Standard Bank Lesotho Limited v Tropical Info. Tech. Solutions (Pty) Limited (C of A (CIV) 9 of 2005) [2005] LSCA 16 (20 October 2005)

C of A (CIV) No. 9/2005


In the matter between:





Held at Maseru.


Steyn, P

Smalberger, JA

Kumleben, JA



Appellant paid a sum of M40,000 from the respondent’s bank account. The presented cash cheque on the face of it bore the signatures of two directors of respondent. It was alleged that one was a forgery. On appeal it was held that, whether or not fraud was proved, the signature of the alleged forger was unauthorized in the light of an interdict protesting payment of a cheque signed by the alleged forger. The order of the High Court granting a refund confirmed.

Kumleben JA

In the High Court the respondent (the “Company”,) applied for relief against the appellant (the “Bank”) as a matter of urgency by way of motion proceedings. The substantive order sought was for payment of M40,000 from the Bank. It had notice of the application and lodged on answering affidavit in response to the averments in the founding affidavit. No replying affidavit was forthcoming. The matter was argued before Majara A.J., who ordered the refund of an amount of M40,000 “fraudulently withdrawn from applicant’s [the Company’s] account No. 0140098060301.”

The grounds of appeal against this decision are rather prolix. They raised a number of preliminary and procedural objections inter alia that there are disputes of fact that cannot be resolved in motion proceedings and that on this account the matter should be referred to trial action or that the application be dismissed. These submissions were, however, not pursued before us. In any event, if on appeal the cardinal issue on the merits can be decided upon facts in respect of which there is no dispute, it is in the interests of the parties and the cause of justice to do so. The facts that are relevant are the following:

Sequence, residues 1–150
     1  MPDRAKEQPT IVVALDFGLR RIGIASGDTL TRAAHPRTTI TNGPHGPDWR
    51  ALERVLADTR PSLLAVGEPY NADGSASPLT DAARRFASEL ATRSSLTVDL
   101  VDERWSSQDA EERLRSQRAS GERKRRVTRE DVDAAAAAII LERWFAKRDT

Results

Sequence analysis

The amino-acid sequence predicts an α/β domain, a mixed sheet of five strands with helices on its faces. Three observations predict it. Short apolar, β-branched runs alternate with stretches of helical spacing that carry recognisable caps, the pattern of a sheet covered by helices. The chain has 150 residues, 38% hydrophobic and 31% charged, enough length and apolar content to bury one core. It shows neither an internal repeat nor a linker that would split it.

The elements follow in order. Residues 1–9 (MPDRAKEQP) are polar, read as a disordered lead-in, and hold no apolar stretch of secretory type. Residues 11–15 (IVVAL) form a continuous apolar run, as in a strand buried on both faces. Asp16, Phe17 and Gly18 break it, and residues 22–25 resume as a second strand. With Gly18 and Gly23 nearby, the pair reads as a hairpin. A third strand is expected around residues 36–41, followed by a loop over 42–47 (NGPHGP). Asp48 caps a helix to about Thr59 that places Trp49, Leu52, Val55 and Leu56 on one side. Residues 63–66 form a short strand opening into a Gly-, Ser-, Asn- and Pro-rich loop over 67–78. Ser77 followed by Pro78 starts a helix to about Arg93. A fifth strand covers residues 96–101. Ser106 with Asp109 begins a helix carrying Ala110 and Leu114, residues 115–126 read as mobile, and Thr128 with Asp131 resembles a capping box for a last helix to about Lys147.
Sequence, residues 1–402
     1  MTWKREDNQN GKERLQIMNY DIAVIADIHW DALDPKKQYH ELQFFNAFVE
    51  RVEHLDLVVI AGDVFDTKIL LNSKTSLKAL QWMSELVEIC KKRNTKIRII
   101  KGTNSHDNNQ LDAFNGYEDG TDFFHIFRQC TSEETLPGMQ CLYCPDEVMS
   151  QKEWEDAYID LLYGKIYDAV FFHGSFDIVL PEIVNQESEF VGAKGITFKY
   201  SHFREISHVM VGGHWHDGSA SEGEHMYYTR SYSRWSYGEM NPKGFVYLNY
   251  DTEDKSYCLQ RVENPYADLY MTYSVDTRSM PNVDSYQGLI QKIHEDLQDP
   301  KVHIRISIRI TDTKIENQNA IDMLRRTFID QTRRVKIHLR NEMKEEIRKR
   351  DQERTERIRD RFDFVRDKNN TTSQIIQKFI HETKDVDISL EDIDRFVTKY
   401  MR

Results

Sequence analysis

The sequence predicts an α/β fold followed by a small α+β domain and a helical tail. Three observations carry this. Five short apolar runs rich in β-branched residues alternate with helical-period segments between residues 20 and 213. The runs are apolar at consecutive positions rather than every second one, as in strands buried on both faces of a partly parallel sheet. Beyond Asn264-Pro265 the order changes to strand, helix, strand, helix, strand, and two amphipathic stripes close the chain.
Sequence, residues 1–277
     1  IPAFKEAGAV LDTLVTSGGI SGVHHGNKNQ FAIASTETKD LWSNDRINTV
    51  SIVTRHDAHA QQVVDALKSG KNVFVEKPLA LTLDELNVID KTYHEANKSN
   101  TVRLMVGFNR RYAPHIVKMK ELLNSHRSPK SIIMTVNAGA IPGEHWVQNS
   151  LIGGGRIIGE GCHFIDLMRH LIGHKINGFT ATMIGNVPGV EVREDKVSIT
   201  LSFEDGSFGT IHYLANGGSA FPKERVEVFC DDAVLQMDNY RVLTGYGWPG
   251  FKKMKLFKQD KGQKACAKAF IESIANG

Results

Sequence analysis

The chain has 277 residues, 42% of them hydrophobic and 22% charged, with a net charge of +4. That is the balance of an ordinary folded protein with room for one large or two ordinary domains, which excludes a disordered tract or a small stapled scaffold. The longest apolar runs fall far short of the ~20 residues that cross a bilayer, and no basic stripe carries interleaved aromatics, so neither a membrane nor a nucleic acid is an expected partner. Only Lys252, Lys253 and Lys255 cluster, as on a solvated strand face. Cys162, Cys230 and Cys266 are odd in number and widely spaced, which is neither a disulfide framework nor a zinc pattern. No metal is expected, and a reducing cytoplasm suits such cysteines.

(i) As at 7 August 2003, according to a minute of the Company, Mr. Lebohang Sepepane (described as a “representative” of the Company) and two of its directors, namely Mr. Thabiso Thakaso (“T”), who deposed to the founding affidavit, and Mr. J. Makhalanyane (“M”) had signing powers in respect of the Company account with the Bank. Any two of them were authorized to co-sign a cheque drawn on the Bank.

(ii) Apparently Sepepane did not remain in good standing with the Company for, on 28 June 2004 the Company obtained an interdict from the magistrate’s court at Maseru in these terms:

1. That Respondent [Sepepane] should release to the applicant [the Company] all company documents in his possession, including the trading licence.

2. That Respondent [Sepepane] should stop carrying on business in the name of the applicant [the Company] and/or using the applicant’s [the Company’s] logo.”

(iii) On 15 September 2004 Sepepane presented for payment a Company cheque for M40,000 bearing on the face of it the signatures of “T” and Sepepane as drawers. These signatures appear under the imprint on the cheque “TROPICAL INFO TECH SOLUTIONS.” It was a cash cheque and the sum of M40,000 was paid to Sepepane.